National Geographic : 1978 Apr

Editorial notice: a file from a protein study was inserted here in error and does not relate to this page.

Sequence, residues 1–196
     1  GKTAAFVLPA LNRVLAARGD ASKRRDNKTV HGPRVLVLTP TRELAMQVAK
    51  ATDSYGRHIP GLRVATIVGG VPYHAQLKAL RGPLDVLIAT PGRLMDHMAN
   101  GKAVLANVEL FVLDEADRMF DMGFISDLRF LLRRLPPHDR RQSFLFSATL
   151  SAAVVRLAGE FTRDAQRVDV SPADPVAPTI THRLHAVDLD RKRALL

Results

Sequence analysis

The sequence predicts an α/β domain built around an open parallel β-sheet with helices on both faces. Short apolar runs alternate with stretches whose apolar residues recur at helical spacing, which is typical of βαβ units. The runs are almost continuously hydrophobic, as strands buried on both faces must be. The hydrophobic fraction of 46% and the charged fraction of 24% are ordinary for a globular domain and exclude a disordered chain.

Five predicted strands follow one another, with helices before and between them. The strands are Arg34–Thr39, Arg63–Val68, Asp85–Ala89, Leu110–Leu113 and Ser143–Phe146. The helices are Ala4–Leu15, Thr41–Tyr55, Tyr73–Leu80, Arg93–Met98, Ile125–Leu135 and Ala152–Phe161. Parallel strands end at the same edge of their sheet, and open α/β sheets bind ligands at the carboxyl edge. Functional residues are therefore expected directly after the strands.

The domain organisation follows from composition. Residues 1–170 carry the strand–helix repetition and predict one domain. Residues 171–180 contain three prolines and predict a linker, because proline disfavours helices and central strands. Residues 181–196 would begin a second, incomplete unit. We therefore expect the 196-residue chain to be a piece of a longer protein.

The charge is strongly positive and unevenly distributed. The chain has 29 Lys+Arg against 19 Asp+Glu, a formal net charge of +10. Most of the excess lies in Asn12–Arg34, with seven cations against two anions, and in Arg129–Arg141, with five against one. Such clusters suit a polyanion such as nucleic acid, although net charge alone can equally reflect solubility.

used, and one can still travel from north to south by water. Ch'in Shih Huang Ti also re claimed wasteland for the cultivation of crops and introduced irrigation systems still in use. Confucians Feel Emperor's Fury The emperor's military government was progressive, but it was also ruthless. He felt that the scholarly but conservative Con fucian philosophy, which supported the old feudalistic system of the previous dynasty, was a threat to his authoritarian, centralized rule. He not only burned all books of the Con fucian school, except for those in the imperial library, but also buried alive Confucian schol ars who, after warnings, still openly opposed his reforms. The emperor's eldest son, Fu-su, attacked his father's decision to kill the scholars and was exiled to the northwestern frontier where he spent the rest of his life help ing direct the building of the Great Wall. I asked one of our Chinese companions why he thought the emperor had killed the scholars. His reply probably reflected not only the attitude of the Ch'in Dynasty but also of China today, where Confucianism is again officially disapproved. "Confucian scholars," he said, "were most conservative. They believed what Confucius approved must always be right and that the old ways of the Chou Dynasty were too sacred to be changed. How can progress be made if nothing can be changed?" In spite of all his power and success, the emperor could not rest and traveled al most compulsively on his newly built roads. DAGGER DRAWN, an assassin lunges at Ch'in Shih Huang Ti. The emperor leaps behind a column while he draws his own weapon. The attacking warrior, Ching K'o, had come as a friend, bearing the head of a slain enemy in a box but concealing his dagger in a rolled map. Although he and other would-be assassins failed, they caused the ruler immense concern. To prolong existence, he increasingly sought guidance from mystics; ultimately he even sent missions overseas in search of magical life-enhancing elixirs.